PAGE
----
NAACIE calls strike at GUYSUCO
Company resisting arbitration
October 22, 2002
Sugar workers represented by the National Association of Agricultural, Commercial and Industrial Employees (NAACIE) have gone on strike following the refusal of the Guyana Sugar Corporation (GUYSUCO) to proceed to arbitration over a year-old wage dispute.
The strike yesterday resulted in about 15% of GUY-SUCO's workforce remaining at home. Officials from all of the sugar estates reported poor turn out by staff represented by the union. NAACIE said over 75 percent of its workers are off their jobs. The other much larger union that represents sugar workers is the Guyana Agricultural and General Workers Union (GAWU). The industrial action stemmed from a wages/salaries dispute ongoing since last October. NAACIE spokesperson Kenneth Joseph told this newspaper that in conciliation the union requested a 38% across the board increase for its workers along with a 3%-9% increase in merit increments for workers who performed well over the year. He said the corporation rejected this proposal and as a consequence the two sides reached a deadlock. Joseph pointed out that at a subsequent meeting with GUYSUCO it was agreed that the matter would be taken to arbitration. He told Stabroek News that following that meeting the terms and conditions of the arbitration were drawn up and were agreed upon by NAACIE and GUYSUCO. He said that the process was in keeping with the Recognition Agreement.
He said last week the two sides held a meeting under the chairmanship of the Chief Labour Officer, Mohamed Akeel and at that meeting the GUYSUCO representative unequivocally stated that the corporation would not proceed to arbitration. This was confirmed by Akeel yesterday who said he had known the strike action was looming since last week when NAACIE gave the corporation a 72-hour ultimatum on arbitration.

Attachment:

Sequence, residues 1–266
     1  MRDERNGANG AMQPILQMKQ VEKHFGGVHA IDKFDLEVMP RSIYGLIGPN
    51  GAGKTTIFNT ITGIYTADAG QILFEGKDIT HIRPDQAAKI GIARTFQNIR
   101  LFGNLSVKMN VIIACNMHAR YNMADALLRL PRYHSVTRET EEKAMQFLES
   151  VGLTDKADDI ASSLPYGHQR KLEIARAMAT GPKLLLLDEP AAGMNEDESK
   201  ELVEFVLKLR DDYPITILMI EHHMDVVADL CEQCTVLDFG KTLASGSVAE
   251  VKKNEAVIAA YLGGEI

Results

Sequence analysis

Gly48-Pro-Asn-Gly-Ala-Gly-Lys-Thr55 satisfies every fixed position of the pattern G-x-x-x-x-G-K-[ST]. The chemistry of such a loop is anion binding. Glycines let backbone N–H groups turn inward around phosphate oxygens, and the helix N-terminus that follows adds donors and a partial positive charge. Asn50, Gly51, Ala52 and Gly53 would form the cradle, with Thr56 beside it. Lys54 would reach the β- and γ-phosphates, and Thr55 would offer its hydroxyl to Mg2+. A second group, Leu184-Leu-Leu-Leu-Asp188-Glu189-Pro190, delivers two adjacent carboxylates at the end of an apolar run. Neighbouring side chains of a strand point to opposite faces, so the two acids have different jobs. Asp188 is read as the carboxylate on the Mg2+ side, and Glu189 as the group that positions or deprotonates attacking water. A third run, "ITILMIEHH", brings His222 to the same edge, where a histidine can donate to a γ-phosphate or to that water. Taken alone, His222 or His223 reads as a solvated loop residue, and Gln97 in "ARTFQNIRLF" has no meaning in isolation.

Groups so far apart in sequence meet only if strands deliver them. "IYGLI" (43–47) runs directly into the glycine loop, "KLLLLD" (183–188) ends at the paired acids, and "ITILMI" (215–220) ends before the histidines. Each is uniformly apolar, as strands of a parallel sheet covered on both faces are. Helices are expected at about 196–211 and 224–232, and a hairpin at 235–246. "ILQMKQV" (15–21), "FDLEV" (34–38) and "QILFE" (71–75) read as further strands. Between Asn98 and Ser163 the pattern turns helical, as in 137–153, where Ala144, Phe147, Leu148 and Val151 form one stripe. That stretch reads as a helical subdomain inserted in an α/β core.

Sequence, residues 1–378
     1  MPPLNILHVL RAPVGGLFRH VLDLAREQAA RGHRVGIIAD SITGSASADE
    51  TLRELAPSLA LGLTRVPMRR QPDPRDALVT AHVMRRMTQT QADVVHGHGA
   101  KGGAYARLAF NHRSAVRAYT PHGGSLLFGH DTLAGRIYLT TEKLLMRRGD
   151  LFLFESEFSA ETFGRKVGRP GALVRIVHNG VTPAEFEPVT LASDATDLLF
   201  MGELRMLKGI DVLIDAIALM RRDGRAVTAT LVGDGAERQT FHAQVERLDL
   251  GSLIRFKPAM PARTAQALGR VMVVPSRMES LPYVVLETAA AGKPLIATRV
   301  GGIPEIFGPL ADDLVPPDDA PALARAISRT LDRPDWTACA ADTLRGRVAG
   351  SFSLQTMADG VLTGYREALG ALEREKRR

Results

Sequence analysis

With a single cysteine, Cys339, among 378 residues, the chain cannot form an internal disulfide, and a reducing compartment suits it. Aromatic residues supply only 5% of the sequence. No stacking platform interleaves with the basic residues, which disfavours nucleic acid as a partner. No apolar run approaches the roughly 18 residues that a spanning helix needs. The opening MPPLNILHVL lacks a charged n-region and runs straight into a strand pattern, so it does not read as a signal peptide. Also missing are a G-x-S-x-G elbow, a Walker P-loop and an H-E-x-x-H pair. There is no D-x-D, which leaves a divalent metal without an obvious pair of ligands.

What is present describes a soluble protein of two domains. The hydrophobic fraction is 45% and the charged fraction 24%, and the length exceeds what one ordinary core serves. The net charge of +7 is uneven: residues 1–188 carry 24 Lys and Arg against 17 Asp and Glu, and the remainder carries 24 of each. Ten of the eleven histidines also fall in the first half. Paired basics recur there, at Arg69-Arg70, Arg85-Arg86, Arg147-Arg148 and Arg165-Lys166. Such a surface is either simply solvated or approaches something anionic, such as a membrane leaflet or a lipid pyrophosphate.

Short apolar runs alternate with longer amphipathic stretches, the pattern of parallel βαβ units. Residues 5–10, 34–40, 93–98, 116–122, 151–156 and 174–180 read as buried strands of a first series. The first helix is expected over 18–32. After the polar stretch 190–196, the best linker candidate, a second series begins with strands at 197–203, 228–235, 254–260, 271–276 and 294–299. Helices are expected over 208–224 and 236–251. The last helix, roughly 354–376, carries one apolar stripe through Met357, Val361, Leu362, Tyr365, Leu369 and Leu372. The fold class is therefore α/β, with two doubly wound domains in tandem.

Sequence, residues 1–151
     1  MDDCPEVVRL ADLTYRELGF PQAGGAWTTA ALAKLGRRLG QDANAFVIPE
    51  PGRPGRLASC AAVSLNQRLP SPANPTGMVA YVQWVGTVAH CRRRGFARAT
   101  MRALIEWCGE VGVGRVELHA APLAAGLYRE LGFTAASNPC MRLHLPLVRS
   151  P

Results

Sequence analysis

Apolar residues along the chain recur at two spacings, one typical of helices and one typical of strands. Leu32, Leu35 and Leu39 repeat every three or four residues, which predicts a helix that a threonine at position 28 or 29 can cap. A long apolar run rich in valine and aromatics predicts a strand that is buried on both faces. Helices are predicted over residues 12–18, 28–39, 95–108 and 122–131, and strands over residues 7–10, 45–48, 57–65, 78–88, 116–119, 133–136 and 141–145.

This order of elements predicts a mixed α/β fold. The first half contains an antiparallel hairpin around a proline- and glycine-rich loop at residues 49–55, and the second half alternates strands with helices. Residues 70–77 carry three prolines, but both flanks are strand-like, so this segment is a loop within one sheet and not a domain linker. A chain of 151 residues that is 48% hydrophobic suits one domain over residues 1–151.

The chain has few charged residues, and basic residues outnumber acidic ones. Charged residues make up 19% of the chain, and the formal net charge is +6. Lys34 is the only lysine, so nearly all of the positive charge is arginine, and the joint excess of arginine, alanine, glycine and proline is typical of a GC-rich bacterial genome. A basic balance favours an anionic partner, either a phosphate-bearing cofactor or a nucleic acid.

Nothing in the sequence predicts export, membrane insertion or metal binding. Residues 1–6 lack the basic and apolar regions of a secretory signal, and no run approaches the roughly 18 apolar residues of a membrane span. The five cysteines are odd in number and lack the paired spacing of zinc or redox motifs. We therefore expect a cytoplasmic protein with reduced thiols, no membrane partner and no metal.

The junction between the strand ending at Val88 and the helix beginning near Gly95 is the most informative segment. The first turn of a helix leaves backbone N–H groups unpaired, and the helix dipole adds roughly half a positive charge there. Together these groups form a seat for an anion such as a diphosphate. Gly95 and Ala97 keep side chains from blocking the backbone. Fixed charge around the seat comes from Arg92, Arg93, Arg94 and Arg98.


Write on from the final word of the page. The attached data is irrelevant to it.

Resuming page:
Efforts by this newspaper to contact the industrial relations officer of GUYSUCO proved futile. Officials from Skeldon, La Bonne Intention and other estates were not willing to speak about the dispute, but they all indicated that staff had not turned up for work. One general manager said maintenance operations were being performed at all of the estates from 6 am to 6 pm and the impact of the strike would not have been significant. He said with production expected to go ahead as per normal today, one would then be able to assess the impact of the strike. The GM reported that only 30% of the NAACIE-represented workers for his estate reported to work. Another GM disclosed that almost the entire staff attached to his finance section stayed away. While, GAWU represents mainly field workers, NAACIE represents mostly the middle management workers along with, clerical staff which include bookkeepers, steno typists, telephone operators, factory foremen, sugar boilers, medical personnel, radio operators, handymen and some other clerical and field staff.
NAACIE is also urging the corporation to regulate its current minimum and maximum salary scales. Joseph told Stabroek News yesterday that currently over 65% of the workers they represent are receiving salaries above the maximum scale. He said this would usually debar them from receiving merit increments.
Last year GUYSUCO staff received an 8.5% across-the-board increase in wages and salaries along with a 1% across-the-board merit increment. (Nigel Williams)